Lens Calibration Overview

Lightcraft’s Lens Calibration System is the most accurate and field portable way of mapping the lens’ focus, focal length, lens distortion and entry pupil (nodal point).  For most lenses, it is hard to use the numbers on the side of the lens, like focal length, for instance, in camera tracking applications.


Many of the parameters of the lens changes over the course of its zoom/focus ring travel.  The reason for this is because photo and cinema lenses are comprised of many elements and each glass element has its own set of parameters.  Previzion, in it’s lens mapping process, measures these parameters as a whole over the course of the zoom and focus travel.

We use an optical marker pattern mounted on fiberglass aluminum honeycomb board to calibrate lenses on a serial number basis.  In other words, even lenses that are “matched” may have variations that need to be mapped.  Our lens calibration process takes that into account and calculates it throughout all steps of a lens.


Some lenses “breathe.”  What that means is that by simply changing the focus from near to far there is a “zooming’ effect as the the focal length changes.  In some extreme examples, a lens may say on its side 85mm, but when in fact it comes out to be 80mm to 100mm depending on the focus.

In VFX applications you need to take into account lens distortion at some point in your pipeline.  Since Previzion renders everything in real-time, the lens calibration system calculates any barrel distorts or pincushions that a given lens may produce at the time of calibration.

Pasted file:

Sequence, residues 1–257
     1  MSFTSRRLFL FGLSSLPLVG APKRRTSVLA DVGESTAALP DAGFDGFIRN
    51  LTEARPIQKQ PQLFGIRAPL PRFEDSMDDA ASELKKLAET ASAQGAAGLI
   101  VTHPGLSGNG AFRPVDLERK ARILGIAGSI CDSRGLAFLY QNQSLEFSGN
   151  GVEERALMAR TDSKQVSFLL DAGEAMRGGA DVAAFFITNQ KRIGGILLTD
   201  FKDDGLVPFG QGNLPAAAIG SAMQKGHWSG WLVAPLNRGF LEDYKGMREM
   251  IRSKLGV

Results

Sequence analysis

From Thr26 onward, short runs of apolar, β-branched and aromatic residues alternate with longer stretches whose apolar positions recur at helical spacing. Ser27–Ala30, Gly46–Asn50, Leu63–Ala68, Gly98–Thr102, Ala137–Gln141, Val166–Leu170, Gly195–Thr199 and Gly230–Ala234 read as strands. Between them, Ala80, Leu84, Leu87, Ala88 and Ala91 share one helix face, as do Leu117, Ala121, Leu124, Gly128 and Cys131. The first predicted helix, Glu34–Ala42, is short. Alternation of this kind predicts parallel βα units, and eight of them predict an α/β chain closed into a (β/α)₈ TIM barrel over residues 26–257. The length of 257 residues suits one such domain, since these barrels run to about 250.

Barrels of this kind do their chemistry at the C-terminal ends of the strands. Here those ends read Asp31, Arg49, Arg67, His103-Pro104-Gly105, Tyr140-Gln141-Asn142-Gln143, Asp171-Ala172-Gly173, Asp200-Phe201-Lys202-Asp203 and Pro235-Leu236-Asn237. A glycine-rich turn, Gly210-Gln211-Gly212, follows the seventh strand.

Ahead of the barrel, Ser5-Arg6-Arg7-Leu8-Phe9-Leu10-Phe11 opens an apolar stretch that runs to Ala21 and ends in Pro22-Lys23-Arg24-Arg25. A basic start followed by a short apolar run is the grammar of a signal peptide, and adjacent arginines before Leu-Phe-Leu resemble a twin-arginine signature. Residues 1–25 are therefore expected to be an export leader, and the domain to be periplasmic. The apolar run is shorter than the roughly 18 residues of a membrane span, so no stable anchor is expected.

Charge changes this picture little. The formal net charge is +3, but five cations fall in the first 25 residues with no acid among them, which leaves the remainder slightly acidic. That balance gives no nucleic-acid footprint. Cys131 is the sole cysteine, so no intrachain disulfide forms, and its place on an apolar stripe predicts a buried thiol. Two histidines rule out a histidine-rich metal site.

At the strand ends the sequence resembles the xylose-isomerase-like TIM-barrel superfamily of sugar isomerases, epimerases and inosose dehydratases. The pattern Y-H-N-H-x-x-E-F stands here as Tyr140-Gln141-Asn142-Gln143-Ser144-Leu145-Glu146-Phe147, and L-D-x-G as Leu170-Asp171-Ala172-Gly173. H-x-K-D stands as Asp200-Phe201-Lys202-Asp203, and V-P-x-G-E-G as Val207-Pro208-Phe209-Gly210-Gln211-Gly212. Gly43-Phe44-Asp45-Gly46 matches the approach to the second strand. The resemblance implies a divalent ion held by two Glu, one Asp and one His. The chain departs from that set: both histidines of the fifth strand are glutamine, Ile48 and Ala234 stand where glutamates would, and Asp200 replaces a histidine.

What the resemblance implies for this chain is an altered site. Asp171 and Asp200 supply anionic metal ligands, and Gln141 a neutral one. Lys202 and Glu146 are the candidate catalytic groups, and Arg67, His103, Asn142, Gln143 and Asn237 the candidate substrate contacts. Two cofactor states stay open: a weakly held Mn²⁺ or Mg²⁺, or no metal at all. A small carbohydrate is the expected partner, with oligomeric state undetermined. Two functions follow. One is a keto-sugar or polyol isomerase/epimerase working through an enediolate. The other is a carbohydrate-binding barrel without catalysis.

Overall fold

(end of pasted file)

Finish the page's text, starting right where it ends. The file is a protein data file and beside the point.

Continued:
Required Gear

For being able to map the limits and values of a lens’ focus and zoom ring, Previzion requires an encoded lens controller like a Preston FI+Z II/3, CMotion, LDS Lens, etc.  It is important that the lens controller is encoded, because otherwise, there is no direct feedback from the lens’ positions.

For this, you will need:

  • Previzion Computer
  • Previzion Video Converters
  • Power source
  • HDSDI monitor
  • Production camera
  • Lens(es) being used
  • supported Lens controller (see below)
  • Lightcraft Aitrack
  • Lightcraft Data Cable Tether
  • Appropriate lens cable (goes into Aitrack via 4-pin Lemo)
  • Lens Calibration Hardware (see next section)

Lens controllers are made up of encoders/motors that, when initiated, turn the focus and zoom ring from end to end and normalize this value between 0.000 and 1.000.  This is the value for which Previzion uses to determine the position of the lens.  Tracking the lens so to speak.


Previzion currently supports:

  • Preston FI+Z II and 3
  • CMotion Camin 2M, 4M and 6M
  • CMotion Compact
  • RT Motion (legacy support only)
  • Canon ENG lenses
  • Fujinon ENG Lenses
  • Fujinon Cine Lenses
  • LDS encoded lenses (Cooke, Angeneaux and Zeiss) paired with Arri Alexa Plus


Camera Settings For Lens Calibration

When setting up the camera for lens calibration, it is important to know a few things about the technical specifications of the camera itself.

You should know or have someone who knows how to change camera settings if necessary.  Also, you should be familiar with or have someone who is familiar with the lens controller and lens controller operations.

Take a moment and verify all your settings before starting the lens calibration procedures.  This process can take up several hours and, should there be a setting that is wrong from the beginning, the resulting calibration file may not be good for use.


Requirements for setting up lens mapping: